Major Business Regulations Affecting Small Business in 2020
Staying on top of business regulations is simply a necessity for entrepreneurs and small-business owners alike. Certain regulations may require a great deal of change on the part of both you and your business. But with sufficient information and a better understanding of the rules, you can be well-prepared for the year to come.
Here’s a review of some of the most prominent national and California-based regulations (some of which have nationwide ramifications) signed into law in 2019 and taking effect as the new year unfolds.
Small Business Reorganization Act
Starting in February 2020, small-business debtors will have new options for handling large debts under the Small Business Reorganization Act (SBRA). This legislation establishes a new subchapter within Chapter 11 of the U.S. Bankruptcy Code.
Small-business debtors often shy away from filing for Chapter 11 bankruptcy, due to the difficult conditions and costly administrative and legal fees involved. According to Business West, the SBRA accelerates reorganization for these debtors by streamlining some of the requirements associated with Chapter 11 bankruptcy. As with Chapter 13 bankruptcies, a trustee is named by the bankruptcy court to assist the debtor in crafting a reorganization plan. On the plus side, under the new law, the debtor maintains control of their business during this reorganization cycle.
California Consumer Privacy Act
Signed into law in 2018 and going into effect on January 1, 2020, the California Consumer Privacy Act (CCPA) permits consumers living in California to demand access to all data that a company has stored on them, along with names of any third parties with whom that information is shared.
The CCPA affects any business that offers products or services to California residents and that possesses $25 million or more in annual revenue. This also applies to businesses of any size that have collected personal information on 50,000 customers or more, or that compile greater than 50% of their revenue from selling personal data.
Small businesses must comply with the new law, even if they aren’t based in California or represented by a physical presence in the state. Heading into 2020, companies are advised to make sure their data-tracking systems are fully operational. If alerted to a violation by regulators, businesses have 30 days to comply with consumer requests for information.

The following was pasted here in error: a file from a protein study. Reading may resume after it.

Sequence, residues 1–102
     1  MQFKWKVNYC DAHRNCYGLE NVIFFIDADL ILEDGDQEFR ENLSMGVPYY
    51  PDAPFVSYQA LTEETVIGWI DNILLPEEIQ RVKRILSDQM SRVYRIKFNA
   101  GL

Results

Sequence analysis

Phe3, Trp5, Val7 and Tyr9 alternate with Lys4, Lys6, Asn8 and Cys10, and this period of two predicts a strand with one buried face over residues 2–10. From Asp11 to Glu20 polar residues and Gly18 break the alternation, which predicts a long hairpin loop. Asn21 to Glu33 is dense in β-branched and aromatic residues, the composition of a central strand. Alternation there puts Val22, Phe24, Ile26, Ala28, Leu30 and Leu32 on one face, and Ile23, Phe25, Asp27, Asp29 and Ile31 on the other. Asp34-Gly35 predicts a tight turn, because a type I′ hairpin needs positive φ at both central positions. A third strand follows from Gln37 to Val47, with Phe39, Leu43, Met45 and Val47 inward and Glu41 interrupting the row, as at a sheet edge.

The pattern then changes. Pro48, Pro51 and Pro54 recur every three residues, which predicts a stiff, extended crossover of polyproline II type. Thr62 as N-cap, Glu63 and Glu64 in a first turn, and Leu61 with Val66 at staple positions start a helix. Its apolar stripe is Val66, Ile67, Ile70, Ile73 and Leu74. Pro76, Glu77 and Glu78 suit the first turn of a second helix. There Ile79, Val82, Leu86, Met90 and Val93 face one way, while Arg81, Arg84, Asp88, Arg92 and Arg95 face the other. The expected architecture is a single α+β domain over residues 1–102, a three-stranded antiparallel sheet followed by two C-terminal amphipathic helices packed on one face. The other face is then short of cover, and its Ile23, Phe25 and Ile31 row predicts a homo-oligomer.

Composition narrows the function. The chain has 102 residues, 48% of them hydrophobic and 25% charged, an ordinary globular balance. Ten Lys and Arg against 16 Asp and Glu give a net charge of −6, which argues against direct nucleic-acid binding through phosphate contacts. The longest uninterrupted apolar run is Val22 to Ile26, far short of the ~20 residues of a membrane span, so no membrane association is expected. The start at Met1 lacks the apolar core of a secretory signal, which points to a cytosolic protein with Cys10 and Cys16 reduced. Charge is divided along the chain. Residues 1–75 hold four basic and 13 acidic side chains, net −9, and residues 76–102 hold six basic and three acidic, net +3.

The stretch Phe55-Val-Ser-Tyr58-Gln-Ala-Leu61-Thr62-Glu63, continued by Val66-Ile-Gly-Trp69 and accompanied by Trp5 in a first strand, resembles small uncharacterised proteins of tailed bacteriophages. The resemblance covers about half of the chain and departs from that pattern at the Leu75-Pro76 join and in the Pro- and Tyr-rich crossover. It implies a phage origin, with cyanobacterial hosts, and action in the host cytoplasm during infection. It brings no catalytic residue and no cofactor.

California Assembly Bill 5
Also going into effect January 1, 2020 is the California Assembly Bill 5 (AB 5) which focuses on classifying independent contractors as employees throughout the state. With AB 5, freelancers and contractors are regarded as employees of a business if they meet certain criteria:
- Their position is directly related to the core business.
- The employer specifically guides the way in which their work is performed.
- The individual doesn’t run an established independent business.
These criteria are designed to introduce more regulation for businesses that mostly rely on hiring contractors or freelancers. AB 5 is generally expected to affect employer practices in other states in 2020, as well.
California Assembly Bill 51
California Assembly Bill 51 (AB 51) prevents businesses from demanding (as a condition of employment) that job candidates, current workers or independent contractors agree to relinquish any rights granted to them under the Labor Code and the Fair Employment and Housing Act. The law covers any work-related contracts agreed upon, altered or extended on or after January 1, 2020. It is not applicable to settlement agreements or negotiated severance arrangements.
Also, as noted by the Office of Governor Gavin Newsom, the new law forbids employers “from threatening, retaliating or discriminating against, or terminating employees or applicants because they refused to waive” such rights, forums or procedures.
With all that in mind, it’s a good idea to get up to speed now on local, state or national legislation that may affect the growth of your business in 2020 and beyond.